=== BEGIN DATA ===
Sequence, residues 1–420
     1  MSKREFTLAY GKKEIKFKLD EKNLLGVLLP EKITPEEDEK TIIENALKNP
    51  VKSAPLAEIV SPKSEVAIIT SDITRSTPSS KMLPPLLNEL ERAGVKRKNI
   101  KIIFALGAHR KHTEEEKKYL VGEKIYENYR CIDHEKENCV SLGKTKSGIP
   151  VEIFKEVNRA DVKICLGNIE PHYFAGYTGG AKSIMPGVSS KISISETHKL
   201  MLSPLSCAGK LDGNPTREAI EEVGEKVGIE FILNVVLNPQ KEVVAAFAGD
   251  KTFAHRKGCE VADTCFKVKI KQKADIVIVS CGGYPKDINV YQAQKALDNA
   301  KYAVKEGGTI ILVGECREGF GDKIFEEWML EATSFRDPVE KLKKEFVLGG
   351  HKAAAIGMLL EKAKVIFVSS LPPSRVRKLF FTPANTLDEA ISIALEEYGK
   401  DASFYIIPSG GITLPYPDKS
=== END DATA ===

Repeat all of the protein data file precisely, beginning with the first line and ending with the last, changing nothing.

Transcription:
Sequence, residues 1–420
     1  MSKREFTLAY GKKEIKFKLD EKNLLGVLLP EKITPEEDEK TIIENALKNP
    51  VKSAPLAEIV SPKSEVAIIT SDITRSTPSS KMLPPLLNEL ERAGVKRKNI
   101  KIIFALGAHR KHTEEEKKYL VGEKIYENYR CIDHEKENCV SLGKTKSGIP
   151  VEIFKEVNRA DVKICLGNIE PHYFAGYTGG AKSIMPGVSS KISISETHKL
   201  MLSPLSCAGK LDGNPTREAI EEVGEKVGIE FILNVVLNPQ KEVVAAFAGD
   251  KTFAHRKGCE VADTCFKVKI KQKADIVIVS CGGYPKDINV YQAQKALDNA
   301  KYAVKEGGTI ILVGECREGF GDKIFEEWML EATSFRDPVE KLKKEFVLGG
   351  HKAAAIGMLL EKAKVIFVSS LPPSRVRKLF FTPANTLDEA ISIALEEYGK
   401  DASFYIIPSG GITLPYPDKS